“One of my soccer players injured her ankle playing basketball and it wasn’t healing on its own as quickly as we had hoped. I knew if she didn’t get in for physical therapy that she’d certainly be benched once soccer started. Within a few therapy sessions her ankle began showing significant signs of improvement. At this rate, I’m certain she’ll be ready once soccer practice starts.” Mackenzie Delgado, Coopersville Public Schools Athletic Trainer

Injuries In Young Athletes – What Parents Can Look For

Here are some signs of young athlete injuries for parents to watch out for:

  • Overuse Injury
    Watch for gradual pain, stiffness, aching, visible swelling, and tenderness. Our Functional Movement Screens identify the weak link and correct it by looking at fundamental movement patterns, which are the foundation for proper fitness and performance.
  • ACL Injuries
    Watch for popping sounds, immediate pain/weakness, and loss of motion. Our sports rehab specialists will help your student athlete heal faster and regain strength so they can get back in the game.
  • Sprains
    Watch for general pain, swelling, warmth, bruising, redness, and impaired movement. Our complimentary injury screenings are a great way to talk to a physical therapist, free of charge, to find out what’s causing the issue and the next best steps. Whether it’s a sprain, a twist, or just general pain, we’re here to help. Rather than doing research online and attempting to self-diagnose, come in and talk with a licensed physical therapist who can explain what’s going on and get your young athlete back in the game with the proper treatment.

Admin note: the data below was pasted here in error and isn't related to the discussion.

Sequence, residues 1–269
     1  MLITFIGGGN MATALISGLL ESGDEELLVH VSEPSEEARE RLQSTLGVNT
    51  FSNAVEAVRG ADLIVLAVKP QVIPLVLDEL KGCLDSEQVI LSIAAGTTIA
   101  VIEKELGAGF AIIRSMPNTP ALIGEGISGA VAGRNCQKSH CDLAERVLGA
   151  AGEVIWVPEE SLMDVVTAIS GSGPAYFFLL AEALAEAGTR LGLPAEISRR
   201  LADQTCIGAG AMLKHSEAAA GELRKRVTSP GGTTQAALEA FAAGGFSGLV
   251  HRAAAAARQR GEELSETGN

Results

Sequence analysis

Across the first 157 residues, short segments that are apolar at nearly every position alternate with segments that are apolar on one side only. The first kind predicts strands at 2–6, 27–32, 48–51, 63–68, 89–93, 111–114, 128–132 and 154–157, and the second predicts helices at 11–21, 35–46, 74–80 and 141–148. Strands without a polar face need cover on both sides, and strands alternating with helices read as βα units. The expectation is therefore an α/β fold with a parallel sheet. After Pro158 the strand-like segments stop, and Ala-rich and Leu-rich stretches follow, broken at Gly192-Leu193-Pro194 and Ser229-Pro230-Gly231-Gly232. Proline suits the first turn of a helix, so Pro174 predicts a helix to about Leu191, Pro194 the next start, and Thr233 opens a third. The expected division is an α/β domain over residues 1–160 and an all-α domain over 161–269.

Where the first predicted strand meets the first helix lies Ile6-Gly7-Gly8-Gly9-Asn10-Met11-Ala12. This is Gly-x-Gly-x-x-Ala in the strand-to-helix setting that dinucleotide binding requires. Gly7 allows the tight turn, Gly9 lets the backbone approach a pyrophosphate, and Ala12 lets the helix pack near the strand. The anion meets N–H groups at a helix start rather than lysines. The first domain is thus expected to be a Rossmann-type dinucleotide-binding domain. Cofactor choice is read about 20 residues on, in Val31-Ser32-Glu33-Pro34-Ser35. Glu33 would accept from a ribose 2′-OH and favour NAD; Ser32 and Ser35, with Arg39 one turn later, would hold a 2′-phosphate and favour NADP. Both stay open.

• Concussion
    Watch for headaches, lightheadedness, dizziness, nausea, and blurry vision. Because no two concussions are the same, our exam is essential to assess your child’s individual symptoms and limitations. We’ll then design a treatment program especially for you.

Injuries In Young Athletes – What Parents Can Look For

Talk to your kids
It’s important to be as open with your kids as possible. Make it a point to teach them about playing smart and to encourage proper warm-up procedures. By opening the door, children are more likely to talk about their pain without fearing the possible repercussions of sitting out. Be sure to follow up with any major falls and blunt force blows to the body. Regular pre-participation physicals are also vital for sports season and renewed confidence of your child’s wellbeing.

“My son was experiencing unexplained elbow pain and we were worried that it would affect his game. The school’s athletic trainer, Tyler DeBrot, recommended we give physical therapy a try. After just a few treatment sessions the elbow pain was gone and my son’s game was back to normal. Undergoing physical therapy treatment got him back on the court faster – I’m so glad we gave PT a try!” – Grant Parent

Our team of sports rehab experts and athletic trainers are here for your family, at every stage in the game. Young athlete injuries are often easily treated, especially when caught early on. If your child is experiencing any kind of pain, schedule a free consultation to talk with a physical therapist. Because Michigan is a Direct Access state, you don’t need a referral from your physician prior to seeking physical therapy treatment. Contact us with any questions you have, we’re happy to help!